Abhi: I think you've hit the nail on the head, like when you say, you know, creative writing, content writing, I would say, and I think that's what Simon was alluding to, maybe in the quotes that you mentioned, it's not meant to be like 100%, factually correct. It's meant to remove that writers block that you face, in your creative content generation process. So if you're writing blogs, if you're coming up with video ideas, or add ideas of social media posts, I think that's where AI could really help you as an assistant, to throw new ideas and new sort of direction of thinking, you know, so to say, and I think that's where it really excels. So whether it is next generation, or image generation, or any sort of similar things, I think it really opens up new possibilities in terms of ideas that you can explore as a copywriter, or a content writers. So that's where it excels. So I wouldn't expect it to write novels end to end fully formatted, completely factually accurate. I don't think that's the intended use case, at least as of now, you should think of it more as a tool in our repository to sort of just get rid of that writer’s block and come up with new angles to write about or think about.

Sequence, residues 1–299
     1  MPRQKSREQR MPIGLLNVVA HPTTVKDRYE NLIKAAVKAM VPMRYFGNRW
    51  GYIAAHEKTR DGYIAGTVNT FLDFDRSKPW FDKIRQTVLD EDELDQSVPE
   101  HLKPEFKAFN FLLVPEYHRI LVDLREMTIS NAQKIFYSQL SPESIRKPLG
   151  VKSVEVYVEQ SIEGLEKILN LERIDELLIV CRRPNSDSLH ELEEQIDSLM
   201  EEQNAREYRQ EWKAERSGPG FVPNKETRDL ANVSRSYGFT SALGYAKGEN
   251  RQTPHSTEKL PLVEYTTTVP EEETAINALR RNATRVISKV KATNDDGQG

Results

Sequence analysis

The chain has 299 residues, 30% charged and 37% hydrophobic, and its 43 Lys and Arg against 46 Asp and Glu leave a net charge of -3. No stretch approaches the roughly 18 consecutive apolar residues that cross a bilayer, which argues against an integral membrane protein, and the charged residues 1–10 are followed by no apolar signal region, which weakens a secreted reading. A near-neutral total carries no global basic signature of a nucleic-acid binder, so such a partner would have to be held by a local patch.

Mike:  I think I think that's really interesting. I mean, you know, looking at it as a tool to help the writers today is fascinating. I mean, some people are almost saying, you know, writing is dead, it's all gonna be AI. And clearly you believe that writers have a lot of value to add. I mean, how do you see AI changing over the next five years? I mean, do you think it's gonna get dramatically better? Or have we seen a big jump in performance, and now it's maybe going to hit a bit of a plateau?